Home > Other, Transit > A better use for your change

A better use for your change

January 11, 2012 Leave a comment Go to comments

As part of my job as a bus driver, I often watch passengers work feverishly to unjam my fare box after they have attempted to stuff a month’s worth of pennies into it.  Since I tend to choose busy routes, there is inevitably a long line of impatient passengers behind them watching too. Anybody who pays attention to my Twitter feed knows I prefer passengers use an ORCA card and that I can get kind of snarky about it. While not perfect, paying with an ORCA card is much faster and gives the user a 2 hour transfer on service provided Sound Transit, Metro, Pierce Transit, and Community Transit. ORCA really is the way to pay for public transportation in the greater Seattle area.

But what about all those pennies, nickels, and dimes you have kicking around?  You may already know about Coinstar machines, located at many local grocery stores, that can automatically count all of your change, for a 9.8% fee.  But you may not know that Coinstar allows you to convert those same coins into eCertificates and gift cards for Amazon.com, Apple’s iTunes, Starbucks Coffee, Albertson’s, and many other retailers without a counting fee.  That’s right, at a Coinstar machine you can convert the mountain of coins that you’ve been holding onto for years into music, books, groceries, or jet fuel (aka Coffee).  Just take at least $5 in coins to any Coinstar machine and follow the instructions to get an eCertificate or gift card that can be redeemed at your favorite retailer or web site.

So how about it?  Why not give Coinstar a try?

Now, if we could just get the good people at orcacard.com to accept eCertificates, then you could convert ALL of your change into bus fare without jamming my fare box and with the added advantages that ORCA brings…  Think of all the road calls to repair broken fare boxes Metro could save …

  1. January 11, 2012 at 1:25 pm

    would love it if Coinstar let you load your Orca card ePurse directly with the change … even if that meant attaching your Ocra card number to your online Coinstar account

  2. NickBob
    January 11, 2012 at 2:53 pm

    Dang, that’s good to know. Thanks-

  3. nwwoods
    January 11, 2012 at 4:50 pm

    Now could you just convince people with Orca cards to dig them out of their pocketbooks / backpacks / gym bags / gunny sacks / body bags BEFORE they board the bus, as they too tend to generate long lines of impatient people…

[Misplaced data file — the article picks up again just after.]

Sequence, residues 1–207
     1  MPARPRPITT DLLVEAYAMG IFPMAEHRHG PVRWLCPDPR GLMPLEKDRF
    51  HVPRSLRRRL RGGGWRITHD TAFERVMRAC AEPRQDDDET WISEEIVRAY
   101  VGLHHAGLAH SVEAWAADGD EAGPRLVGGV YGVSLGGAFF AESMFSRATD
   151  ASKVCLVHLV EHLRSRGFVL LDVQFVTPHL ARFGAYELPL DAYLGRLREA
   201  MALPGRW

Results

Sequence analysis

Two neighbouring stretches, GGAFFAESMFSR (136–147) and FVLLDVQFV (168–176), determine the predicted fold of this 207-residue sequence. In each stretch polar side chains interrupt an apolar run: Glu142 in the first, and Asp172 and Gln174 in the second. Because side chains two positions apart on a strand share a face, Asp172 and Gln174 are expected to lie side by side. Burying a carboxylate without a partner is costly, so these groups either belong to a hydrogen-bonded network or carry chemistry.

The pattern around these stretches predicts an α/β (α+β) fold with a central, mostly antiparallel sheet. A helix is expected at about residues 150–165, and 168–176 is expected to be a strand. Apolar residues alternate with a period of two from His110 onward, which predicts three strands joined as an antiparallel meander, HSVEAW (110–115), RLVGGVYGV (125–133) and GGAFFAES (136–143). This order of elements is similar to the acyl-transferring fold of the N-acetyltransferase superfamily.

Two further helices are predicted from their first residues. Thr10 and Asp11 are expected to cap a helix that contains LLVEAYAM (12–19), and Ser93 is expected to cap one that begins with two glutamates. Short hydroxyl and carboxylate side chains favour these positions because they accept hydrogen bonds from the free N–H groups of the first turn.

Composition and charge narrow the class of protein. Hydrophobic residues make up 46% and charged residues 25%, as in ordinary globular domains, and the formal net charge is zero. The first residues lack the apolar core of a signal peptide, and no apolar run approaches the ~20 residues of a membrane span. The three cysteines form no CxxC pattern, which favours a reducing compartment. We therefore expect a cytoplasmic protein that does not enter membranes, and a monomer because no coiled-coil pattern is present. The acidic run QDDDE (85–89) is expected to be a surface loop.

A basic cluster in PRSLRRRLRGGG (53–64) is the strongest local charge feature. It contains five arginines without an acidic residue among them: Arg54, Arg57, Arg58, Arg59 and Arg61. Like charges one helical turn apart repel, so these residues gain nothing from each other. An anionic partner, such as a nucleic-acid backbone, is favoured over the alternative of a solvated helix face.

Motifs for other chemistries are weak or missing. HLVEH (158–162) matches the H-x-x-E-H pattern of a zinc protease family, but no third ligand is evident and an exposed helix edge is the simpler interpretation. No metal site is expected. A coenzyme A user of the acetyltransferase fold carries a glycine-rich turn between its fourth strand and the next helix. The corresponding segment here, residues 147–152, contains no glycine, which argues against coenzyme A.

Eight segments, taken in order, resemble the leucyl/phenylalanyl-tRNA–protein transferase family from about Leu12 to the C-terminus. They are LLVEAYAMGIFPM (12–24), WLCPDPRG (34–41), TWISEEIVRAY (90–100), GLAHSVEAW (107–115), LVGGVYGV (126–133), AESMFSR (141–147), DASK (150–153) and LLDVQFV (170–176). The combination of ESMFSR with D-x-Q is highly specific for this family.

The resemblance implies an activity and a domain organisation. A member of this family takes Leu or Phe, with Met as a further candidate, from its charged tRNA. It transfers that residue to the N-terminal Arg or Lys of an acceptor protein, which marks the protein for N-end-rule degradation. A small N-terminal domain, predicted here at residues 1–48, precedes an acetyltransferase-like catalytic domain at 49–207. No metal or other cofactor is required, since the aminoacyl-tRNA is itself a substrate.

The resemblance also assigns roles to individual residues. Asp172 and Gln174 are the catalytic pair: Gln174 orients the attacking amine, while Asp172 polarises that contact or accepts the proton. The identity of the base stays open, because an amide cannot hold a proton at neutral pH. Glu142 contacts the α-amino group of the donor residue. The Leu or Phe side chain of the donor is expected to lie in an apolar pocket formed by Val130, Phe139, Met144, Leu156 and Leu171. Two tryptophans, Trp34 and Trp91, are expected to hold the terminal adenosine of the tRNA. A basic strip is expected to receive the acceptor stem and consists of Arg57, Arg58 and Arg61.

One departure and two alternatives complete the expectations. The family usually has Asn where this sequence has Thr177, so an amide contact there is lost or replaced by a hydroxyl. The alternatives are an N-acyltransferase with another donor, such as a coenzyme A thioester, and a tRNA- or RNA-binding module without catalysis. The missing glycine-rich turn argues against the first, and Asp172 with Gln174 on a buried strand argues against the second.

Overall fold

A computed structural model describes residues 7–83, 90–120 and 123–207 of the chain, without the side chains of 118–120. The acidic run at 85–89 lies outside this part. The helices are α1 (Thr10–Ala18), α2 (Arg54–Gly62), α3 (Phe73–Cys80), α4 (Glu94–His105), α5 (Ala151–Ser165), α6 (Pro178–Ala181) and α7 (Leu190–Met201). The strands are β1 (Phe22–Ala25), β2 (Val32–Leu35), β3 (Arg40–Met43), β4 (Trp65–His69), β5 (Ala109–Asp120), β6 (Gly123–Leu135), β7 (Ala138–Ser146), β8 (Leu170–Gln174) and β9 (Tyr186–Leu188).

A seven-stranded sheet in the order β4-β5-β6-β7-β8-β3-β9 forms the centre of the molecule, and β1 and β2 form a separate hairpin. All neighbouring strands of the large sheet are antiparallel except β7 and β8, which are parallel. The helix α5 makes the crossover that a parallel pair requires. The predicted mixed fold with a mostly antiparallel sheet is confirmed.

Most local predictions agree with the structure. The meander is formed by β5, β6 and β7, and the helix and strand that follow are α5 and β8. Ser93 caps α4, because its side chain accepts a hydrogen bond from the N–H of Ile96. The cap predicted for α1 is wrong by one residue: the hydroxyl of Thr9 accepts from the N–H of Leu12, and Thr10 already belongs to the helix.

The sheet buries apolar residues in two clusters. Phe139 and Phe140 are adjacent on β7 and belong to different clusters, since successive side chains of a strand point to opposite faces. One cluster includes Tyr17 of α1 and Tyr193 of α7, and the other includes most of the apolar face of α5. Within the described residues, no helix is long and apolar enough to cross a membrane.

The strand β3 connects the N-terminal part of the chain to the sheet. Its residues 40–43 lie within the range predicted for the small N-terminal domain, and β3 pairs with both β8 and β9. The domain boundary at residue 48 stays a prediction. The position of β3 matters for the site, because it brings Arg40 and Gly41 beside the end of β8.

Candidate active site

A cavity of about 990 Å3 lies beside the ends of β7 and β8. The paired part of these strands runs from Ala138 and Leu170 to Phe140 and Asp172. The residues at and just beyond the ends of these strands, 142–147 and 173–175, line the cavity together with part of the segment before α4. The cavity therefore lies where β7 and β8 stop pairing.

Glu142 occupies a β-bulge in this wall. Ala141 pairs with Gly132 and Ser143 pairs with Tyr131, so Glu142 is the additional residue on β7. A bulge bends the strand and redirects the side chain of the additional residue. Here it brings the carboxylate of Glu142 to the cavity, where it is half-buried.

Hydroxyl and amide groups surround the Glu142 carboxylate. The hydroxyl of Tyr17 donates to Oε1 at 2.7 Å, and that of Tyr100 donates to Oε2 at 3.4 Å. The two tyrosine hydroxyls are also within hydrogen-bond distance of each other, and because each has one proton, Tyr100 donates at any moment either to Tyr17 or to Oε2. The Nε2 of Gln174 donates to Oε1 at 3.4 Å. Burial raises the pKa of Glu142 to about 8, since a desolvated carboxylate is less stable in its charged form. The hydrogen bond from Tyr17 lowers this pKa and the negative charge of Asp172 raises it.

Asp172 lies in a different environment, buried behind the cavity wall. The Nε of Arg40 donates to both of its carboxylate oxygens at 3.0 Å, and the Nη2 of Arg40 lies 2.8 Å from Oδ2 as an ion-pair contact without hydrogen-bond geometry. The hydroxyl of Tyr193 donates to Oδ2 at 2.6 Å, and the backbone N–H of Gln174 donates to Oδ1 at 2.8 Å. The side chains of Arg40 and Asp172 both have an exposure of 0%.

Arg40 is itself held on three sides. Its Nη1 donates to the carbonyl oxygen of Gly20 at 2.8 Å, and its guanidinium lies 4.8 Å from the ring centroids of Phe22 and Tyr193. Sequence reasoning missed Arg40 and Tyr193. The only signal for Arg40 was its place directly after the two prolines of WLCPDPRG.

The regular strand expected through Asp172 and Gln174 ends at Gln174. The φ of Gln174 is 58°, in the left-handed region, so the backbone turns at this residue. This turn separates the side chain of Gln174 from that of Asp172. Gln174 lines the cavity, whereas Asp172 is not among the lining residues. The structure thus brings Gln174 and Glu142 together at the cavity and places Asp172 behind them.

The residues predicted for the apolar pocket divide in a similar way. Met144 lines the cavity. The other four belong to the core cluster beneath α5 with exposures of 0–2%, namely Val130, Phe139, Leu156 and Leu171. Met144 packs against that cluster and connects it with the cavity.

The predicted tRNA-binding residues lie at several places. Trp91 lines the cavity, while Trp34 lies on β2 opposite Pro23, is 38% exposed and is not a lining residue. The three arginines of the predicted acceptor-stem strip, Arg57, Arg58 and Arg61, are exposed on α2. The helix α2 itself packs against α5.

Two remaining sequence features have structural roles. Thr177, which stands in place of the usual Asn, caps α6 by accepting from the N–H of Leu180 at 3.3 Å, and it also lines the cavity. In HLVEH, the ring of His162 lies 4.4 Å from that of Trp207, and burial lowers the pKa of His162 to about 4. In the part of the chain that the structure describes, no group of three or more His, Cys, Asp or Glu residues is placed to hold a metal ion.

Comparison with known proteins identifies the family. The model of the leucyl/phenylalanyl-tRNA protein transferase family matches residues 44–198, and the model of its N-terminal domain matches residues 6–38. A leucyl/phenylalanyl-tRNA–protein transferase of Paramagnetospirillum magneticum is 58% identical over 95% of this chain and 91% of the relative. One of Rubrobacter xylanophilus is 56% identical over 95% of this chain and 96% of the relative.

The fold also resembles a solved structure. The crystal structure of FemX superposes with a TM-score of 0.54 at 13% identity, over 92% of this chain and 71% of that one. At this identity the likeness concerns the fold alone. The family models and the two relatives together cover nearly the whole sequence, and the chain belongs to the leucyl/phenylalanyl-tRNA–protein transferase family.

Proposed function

• January 12, 2012 at 11:54 am

      I count to five in my head and if the passenger is still fumbling for their fare, I politely ask them to have their fare ready next time. So far I’ve not had a single complaint and virtually all of the interactions are positive. The key is to make it about keeping the service moving and keep the conversation light.

  4. January 11, 2012 at 7:28 pm

    It’s notable that Coinstar also allows you to DONATE that change to many local nonprofit organizations.

  5. January 12, 2012 at 12:02 pm

    How many fare boxes get broken a day?

    • January 12, 2012 at 12:08 pm

      Unknown, but I’ve seen enough mechanics on road calls to fix a broken fare box that I know it’s somewhat of an issue. I’ve often wondered if the cost of sending the mechanic out is worth the collected fares but I’m sure that depends on the route.

  6. Carl
    January 12, 2012 at 12:17 pm

    Three observations on ORCA:

    A Metro paper transfer, which you can only get if you pay with cash, is more valuable than the 2-hour ORCA window, especially if you travel through downtown Seattle. The paper transfer is cut to give you about 2 hours from when your bus arrives downtown, and you only need to board the departing bus by that time and the driver has discretion. There are many trips where by the time you tap on exit with ORCA you are charged a second fare when the paper transfer would have covered you – both because of ORCA’s rigidity, but also because the two hours are measured from when you board bus 1 until you exit bus 2.

    Second – there should be a financial benefit to using ORCA. That would drive adoption. There is a benefit to the transit agency – faster boarding, less fare disputes, less cash handling, pre-payment. Share some of the benefit with the riders and you’ll drive adoption.

    Finally – there needs to be an all day pass on ORCA – esp. once the Ride Free Area ends.

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